U.S. House passes historic health-care reform

WASHINGTON – A deeply divided House of Representatives on Sunday approved historic legislation aimed at providing Americans with near-universal health care, handing President Barack Obama a huge victory on one of the most polarizing domestic policy issues in the United States.

Following a final day of high stakes political brinkmanship inside the U.S. Capitol and outbursts of angry protest outside, Democrats won a narrow 219-212 vote on a bill that will extend medical coverage to more than 32 million people over the next decade.

The health reform package, which had already been passed by the U.S. Senate before Christmas, can now go the White House for the president’s signature into law.

House lawmakers then immediately moved to separately pass a series of White House-prescribed “fixes” to the original legislation. Those changes will now go back to the Senate for final approval, likely this week. The legislation’s total cost is expected to reach $940 billion US.

In pushing through a bill that only two months ago seemed doomed, Obama achieved a feat that eluded several presidents before him, including Bill Clinton, whose failed attempt at health care reform in 1993-94 cost Democrats their congressional majority.

Several historians have described Obama’s health-care package as the most far-reaching piece of social welfare legislation since the Medicare program for American seniors was created in 1965.

“Today is the day that is going to rank with the day we passed the civil rights bill in 1964,” said Michigan Democrat John Dingell, a veteran lawmaker who had introduced a universal health care bill in Congress every year since 1956. “This is a day that we could all be proud of.”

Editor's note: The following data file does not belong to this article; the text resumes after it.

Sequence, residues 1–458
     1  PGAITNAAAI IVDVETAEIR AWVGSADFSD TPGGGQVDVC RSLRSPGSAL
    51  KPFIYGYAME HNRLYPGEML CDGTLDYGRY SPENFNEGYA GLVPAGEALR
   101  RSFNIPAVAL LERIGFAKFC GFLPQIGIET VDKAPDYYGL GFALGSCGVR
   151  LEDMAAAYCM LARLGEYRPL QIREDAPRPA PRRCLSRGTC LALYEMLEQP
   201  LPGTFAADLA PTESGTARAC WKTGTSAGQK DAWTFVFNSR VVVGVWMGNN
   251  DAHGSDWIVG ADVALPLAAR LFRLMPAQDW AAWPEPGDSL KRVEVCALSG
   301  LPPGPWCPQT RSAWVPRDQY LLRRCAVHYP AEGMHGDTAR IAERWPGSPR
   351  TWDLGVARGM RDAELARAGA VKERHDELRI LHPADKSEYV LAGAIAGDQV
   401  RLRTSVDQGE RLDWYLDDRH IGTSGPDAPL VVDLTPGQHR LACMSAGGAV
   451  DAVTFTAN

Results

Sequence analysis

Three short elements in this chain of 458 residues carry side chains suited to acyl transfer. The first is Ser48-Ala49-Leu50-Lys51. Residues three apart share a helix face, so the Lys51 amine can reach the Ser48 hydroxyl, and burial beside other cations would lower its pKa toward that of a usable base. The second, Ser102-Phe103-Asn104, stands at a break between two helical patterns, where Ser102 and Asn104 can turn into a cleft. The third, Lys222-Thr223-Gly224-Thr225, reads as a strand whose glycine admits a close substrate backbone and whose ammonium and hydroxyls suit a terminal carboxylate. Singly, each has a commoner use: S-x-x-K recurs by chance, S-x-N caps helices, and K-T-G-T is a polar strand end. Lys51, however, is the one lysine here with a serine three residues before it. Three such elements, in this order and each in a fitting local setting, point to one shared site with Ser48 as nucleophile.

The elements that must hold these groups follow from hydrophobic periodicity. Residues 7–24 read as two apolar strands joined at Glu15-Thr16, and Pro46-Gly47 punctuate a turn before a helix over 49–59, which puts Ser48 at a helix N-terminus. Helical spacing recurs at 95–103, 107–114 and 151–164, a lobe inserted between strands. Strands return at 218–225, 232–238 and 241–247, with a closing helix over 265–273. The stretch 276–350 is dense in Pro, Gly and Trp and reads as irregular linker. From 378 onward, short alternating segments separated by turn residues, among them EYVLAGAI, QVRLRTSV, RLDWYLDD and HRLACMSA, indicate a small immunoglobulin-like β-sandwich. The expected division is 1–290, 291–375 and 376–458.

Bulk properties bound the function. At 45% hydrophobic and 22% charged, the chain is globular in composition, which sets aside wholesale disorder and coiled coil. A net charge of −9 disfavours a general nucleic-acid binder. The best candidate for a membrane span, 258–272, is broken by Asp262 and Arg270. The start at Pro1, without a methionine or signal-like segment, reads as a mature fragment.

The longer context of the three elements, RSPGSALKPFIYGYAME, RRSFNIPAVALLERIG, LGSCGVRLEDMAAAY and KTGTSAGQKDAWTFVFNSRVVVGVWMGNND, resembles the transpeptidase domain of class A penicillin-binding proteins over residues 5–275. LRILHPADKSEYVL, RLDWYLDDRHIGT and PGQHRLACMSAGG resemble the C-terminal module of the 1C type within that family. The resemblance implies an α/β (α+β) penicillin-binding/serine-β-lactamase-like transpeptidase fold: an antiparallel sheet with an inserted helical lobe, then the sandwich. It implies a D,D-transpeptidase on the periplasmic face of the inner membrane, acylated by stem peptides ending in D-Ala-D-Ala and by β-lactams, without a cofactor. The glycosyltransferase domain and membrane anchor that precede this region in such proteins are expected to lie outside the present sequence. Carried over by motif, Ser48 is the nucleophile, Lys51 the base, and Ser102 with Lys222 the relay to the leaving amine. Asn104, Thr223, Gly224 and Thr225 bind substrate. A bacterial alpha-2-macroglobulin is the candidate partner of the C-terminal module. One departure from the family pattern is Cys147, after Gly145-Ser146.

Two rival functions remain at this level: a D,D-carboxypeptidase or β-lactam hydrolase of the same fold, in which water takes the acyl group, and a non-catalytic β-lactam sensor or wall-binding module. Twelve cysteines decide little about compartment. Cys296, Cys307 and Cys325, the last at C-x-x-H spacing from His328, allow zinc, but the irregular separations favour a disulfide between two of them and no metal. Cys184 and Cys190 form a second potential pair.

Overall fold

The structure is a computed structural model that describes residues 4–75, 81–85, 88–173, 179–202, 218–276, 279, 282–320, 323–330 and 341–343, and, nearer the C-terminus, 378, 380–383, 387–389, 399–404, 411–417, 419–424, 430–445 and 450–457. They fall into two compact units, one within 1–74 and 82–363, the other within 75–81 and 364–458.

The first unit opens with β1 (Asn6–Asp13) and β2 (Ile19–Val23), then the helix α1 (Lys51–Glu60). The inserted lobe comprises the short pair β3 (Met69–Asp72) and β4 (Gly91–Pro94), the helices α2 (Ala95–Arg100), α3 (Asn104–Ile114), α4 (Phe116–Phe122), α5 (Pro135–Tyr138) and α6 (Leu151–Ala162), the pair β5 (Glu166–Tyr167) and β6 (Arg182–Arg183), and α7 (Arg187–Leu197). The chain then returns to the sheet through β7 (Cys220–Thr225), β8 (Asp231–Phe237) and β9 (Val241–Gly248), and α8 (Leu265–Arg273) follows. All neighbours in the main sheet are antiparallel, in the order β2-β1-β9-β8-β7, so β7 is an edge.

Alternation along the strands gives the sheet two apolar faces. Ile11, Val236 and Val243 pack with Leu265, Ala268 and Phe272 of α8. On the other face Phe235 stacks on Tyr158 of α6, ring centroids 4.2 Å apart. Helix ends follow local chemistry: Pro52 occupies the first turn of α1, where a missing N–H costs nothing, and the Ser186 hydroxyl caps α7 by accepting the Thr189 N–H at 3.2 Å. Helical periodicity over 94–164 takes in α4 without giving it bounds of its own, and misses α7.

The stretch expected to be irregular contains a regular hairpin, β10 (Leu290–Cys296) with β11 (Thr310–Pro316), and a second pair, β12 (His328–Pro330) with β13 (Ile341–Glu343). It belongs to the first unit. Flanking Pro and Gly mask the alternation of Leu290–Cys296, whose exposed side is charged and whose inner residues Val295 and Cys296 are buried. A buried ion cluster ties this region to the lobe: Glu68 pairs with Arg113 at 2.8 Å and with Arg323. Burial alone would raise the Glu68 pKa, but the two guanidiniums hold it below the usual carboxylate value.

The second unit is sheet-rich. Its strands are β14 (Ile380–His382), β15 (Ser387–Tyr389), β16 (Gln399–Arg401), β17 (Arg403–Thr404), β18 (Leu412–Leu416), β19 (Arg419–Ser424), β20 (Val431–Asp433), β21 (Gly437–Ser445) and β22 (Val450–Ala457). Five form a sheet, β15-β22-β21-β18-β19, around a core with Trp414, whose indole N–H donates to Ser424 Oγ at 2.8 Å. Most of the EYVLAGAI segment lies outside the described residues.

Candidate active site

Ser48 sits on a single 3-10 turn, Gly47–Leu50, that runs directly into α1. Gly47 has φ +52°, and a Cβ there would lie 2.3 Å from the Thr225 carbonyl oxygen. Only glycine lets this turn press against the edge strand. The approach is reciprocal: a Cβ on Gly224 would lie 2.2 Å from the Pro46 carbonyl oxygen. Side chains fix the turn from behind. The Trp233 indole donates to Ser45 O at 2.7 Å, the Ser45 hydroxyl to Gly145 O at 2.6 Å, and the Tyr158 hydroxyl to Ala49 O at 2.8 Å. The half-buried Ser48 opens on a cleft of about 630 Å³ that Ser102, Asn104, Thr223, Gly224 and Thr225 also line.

In a symbolic gesture, House Speaker Nancy Pelosi carried the same gavel used during the Medicare debate 45 years ago with her on Capitol Hill.

“This legislation will lead to healthier lives, more liberty to pursue hopes and dreams and happiness for the American people. This is an American proposal that honours the traditions of our country,” Pelosi said.

But Obama’s victory came at a cost, and brings no small measure of risk to him and his fellow Democrats. Not a single Republican voted in favour of the legislation, underscoring just how contentious the health care debate became in the year since Obama made the issue his top domestic priority.

GOP leaders promised put health care at the centre of the coming midterm election campaign this fall.

“This debate is not about the uninsured. It is about socialized medicine,” said California Republican Devin Nunes. “Today Democrats in this House will finally lay the cornerstone of their socialist utopia on the backs of the American people.”

Passage of the legislation was assured only after a hectic round of last-minute negotiations between the White House and pro-life Democrats who worried the bill would expand access to abortions.

Obama agreed to issue an executive order to establish an “enforcement mechanism to ensure that federal funds are not used for abortion services” except in cases of rape or incest, or when a woman’s life is in danger.

Representative Dale Kildee, an 80-year-old pro-life Democrat from Michigan, said Obama’s order satisfied his concerns. He called his support for the legislation a “vote for the born and the unborn.”